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Dio. Give me some token for the surety of it.
Fear me not, my lord;
upon that sleeve; Behold it well. He loved me -O false wench!–Give't me again.
Dio. Who was't?
No matter, now I hav't again.
Ther. Now she sharpens :—Well said, whetstone.
Dio. I had your heart before, this follows it.
5 This sleeve was given by Troilus to Cressida at their parting, and she gave him a glove in return. It was probably such a sleeve as was formerly worn at tournaments: one of which Spenser describes in his View of the State of Ireland, p. 43, ed. 1663.
Cres. You shall not have it, Diomed; 'faith you
Dio. I will have this; Whose was it?
'Tis no matter. Dio. Come, tell me whose it was, Cres. 'Twas one's that loved me better than you
will. But, now you have it, take it. Dio.
Whose was it? Cres. By all Diana's waiting-women yondero, And by herself, I will not tell you whose.
Dio. To-morrow will I wear it on my helm; And grieve his spirit that dares not challenge it.
Tro. Wert thou the devil, and wor’st it on thy horn, It should be challeng'd. Cres. Well, well, 'tis done, 'tis past,—And yet
it is not; I will not keep my word. Dio.
Why then, farewell; Thou never shalt mock Diomed again. Cres. You shall not go:-One cannot speak a
word, But it straight starts you. Dio.
I do not like this fooling. Ther. Nor I, by Pluto: but that that likes not you, pleases me best.
Dio. What, shall I come? the hour?
Ay, come:-0 Jove!.Do come:- I shall be plagu’d. 6 i. e, the stars which she points to.
The silver-shining queen he would disdain;
Through Night's black bosom should not peep again.' Milton, in his Elegy 1. v. 77, has imitated Shakspeare :
colo scintillant astra sereno Endymioneæ turba ministra deæ.'
Farewell till then. Cres. Good night. I pr’ythee, come.
[Exit DIOMEDES. Troilus, farewell! one eye yet looks on thee; But with
doth see 7.
[Exit CRESSIDA: Ther. A proof of strength, she could not publish
Ulyss. All's done, my lord.
Why stay we then?
7 The characters of Cressida and Pandarus are more immediately formed from Chaucer than from Lydgate; for though the latter mentions them both characteristically, he does not sufficiently dwell on either to have furnished Shakspeare with many circumstances to be found in this tragedy. Lydgate, speaking of Cressida, says only,
"She gave her heart and love to Diomede,
For she of her new love no sooner sped,
As if she never had him known or seen,
Wherein I cannot guess what she did mean.' 8 She could not publish a stronger proof.
9 i.e. turns the very testimony of seeing and hearing against themselves.
Created only to calumniate.
I cannot conjure, Trojan.
Most sure she was.
Tro. This she? no, this is Diomed's Cressida:
10 For the sake of womanhood.
11 Critick has here probably the signification of cynic. So in Love's Labour's Lost :
* And critick Timon laugh at idle toys.' So Iago says in Othello:
* I am nothing if not critical.' 12 If it be true that one individual cannot be two distinct persons.
13 The folio reads · By foul authority,' &c. There is a madness in that disquisition, in which a man reasons at once for and against himself upon authority which he knows not to be valid. The words loss and perdition, in the subsequent line, are used in their common sense; but they mean the loss or perdition of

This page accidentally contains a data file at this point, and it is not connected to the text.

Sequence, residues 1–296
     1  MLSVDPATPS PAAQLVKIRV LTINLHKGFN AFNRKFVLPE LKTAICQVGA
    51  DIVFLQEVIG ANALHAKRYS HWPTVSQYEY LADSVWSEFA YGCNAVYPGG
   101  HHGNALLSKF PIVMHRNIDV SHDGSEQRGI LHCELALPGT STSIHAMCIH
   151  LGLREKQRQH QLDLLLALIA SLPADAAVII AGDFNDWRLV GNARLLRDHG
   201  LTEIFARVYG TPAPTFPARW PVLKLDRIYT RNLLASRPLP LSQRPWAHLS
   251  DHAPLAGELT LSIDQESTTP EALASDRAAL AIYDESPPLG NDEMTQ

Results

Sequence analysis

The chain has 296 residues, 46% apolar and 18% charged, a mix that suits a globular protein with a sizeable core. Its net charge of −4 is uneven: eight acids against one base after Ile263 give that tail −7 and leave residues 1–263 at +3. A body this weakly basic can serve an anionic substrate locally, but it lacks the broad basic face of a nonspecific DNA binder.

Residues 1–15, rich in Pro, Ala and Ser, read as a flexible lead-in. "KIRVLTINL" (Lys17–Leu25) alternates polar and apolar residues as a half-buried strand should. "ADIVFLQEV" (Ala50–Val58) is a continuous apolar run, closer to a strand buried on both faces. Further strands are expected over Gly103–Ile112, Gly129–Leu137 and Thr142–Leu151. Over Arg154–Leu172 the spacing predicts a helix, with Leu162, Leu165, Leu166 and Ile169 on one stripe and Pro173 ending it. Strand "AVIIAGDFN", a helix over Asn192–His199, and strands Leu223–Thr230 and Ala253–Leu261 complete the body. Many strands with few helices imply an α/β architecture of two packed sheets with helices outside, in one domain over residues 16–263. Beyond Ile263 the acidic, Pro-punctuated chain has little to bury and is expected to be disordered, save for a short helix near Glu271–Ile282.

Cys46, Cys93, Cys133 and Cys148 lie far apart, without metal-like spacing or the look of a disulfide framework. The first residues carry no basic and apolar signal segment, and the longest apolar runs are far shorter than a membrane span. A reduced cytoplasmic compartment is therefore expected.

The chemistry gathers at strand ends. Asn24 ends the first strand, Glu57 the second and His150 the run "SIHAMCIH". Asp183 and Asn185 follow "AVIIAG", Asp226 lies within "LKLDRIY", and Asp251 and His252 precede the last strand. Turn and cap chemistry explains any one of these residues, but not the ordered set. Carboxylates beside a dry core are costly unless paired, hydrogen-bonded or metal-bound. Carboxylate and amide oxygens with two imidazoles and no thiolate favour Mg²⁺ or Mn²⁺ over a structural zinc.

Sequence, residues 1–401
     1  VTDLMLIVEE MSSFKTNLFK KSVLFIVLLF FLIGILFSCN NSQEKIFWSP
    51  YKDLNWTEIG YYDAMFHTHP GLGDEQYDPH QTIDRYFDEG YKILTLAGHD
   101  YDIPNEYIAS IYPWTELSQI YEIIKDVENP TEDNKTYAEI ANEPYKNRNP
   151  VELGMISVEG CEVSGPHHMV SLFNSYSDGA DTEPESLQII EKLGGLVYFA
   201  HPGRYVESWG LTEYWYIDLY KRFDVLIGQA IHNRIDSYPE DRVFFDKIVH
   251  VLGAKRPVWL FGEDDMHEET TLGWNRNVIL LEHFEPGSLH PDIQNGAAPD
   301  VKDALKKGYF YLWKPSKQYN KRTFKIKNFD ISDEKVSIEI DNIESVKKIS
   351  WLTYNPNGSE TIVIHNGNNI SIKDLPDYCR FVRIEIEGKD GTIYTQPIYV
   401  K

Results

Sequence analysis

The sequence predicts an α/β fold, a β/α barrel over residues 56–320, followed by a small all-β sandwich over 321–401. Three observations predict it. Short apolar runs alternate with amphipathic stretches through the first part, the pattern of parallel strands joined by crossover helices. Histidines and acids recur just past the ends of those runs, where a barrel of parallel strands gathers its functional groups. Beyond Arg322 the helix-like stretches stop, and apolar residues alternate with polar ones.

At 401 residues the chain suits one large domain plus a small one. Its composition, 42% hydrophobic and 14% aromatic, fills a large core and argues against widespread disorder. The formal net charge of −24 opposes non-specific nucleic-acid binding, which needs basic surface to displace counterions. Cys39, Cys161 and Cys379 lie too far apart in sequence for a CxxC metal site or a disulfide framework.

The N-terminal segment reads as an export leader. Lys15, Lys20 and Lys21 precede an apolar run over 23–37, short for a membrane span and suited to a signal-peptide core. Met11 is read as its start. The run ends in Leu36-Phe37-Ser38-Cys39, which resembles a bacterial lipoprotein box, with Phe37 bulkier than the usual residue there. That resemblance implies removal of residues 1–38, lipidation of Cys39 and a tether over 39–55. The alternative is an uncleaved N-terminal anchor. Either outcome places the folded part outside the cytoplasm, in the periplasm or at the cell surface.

Without perdition, and loss assume all reason
soul there doth commence a fight 14 Of this strange nature, that a thing inseparate 15 Divides more wider than the sky and earth; And yet the spacious breadth of this division Admits no orifice for a point, as subtle As Ariachne's 16 broken woof, to enter. Instance, O instance! strong as Pluto's gates; Cressid is mine, tied with the bonds of heaven : Instance, O instance! strong as heaven itself; The bonds of heaven are slipp'd, dissolv’d, and loos’d; And with another knot, five-finger-tied 17, The fractions of her faith, orts of her love, The fragments, scraps, the bits, and greasy reliques Of her o'er-eaten faith 18, are bound to Diomed.
Ulyss. May worthy Troilus be half attach'd With that which here his passion doth express 19? Sir, in my heart there was a kind of fighting.'
Hamlet. 15 i.e. the plighted faith of lovers. Troilus considers it inseparable, or at least that it ought never to be broken, though he has unfortunately found that it sometimes is.
16 One quarto copy reads Ariachna's; the other Ariathna's; the folio Ariachne's. It is evident Shakspeare intended to make Arachne a word of four syllables. Our ancestors were not very exact either in writing or pronouncing proper names, even of classical origin. Steevens thinks it not improbable that the poet may have written · Ariadne's broken woof,' confounding the two stories in bis imagination, or alluding to the clue of thread, by the assistance of which Theseus escaped from the Cretan labyrinth.
17 A knot tied by giving her hand to Diomed.
18 The image is not of the most delicate kind. · Her o'ereaten faith' means her troth plighted to Troilus, of which she was surfeited, and, like one who has o'er-eaten himself, had thrown off. So in Twelfth Night:
• Their over-greedy love hath surfeited,' &c. 19 • Can Troilus really feel, on this occasion, half of what he utters ? A question suitable to the calm Ulysses.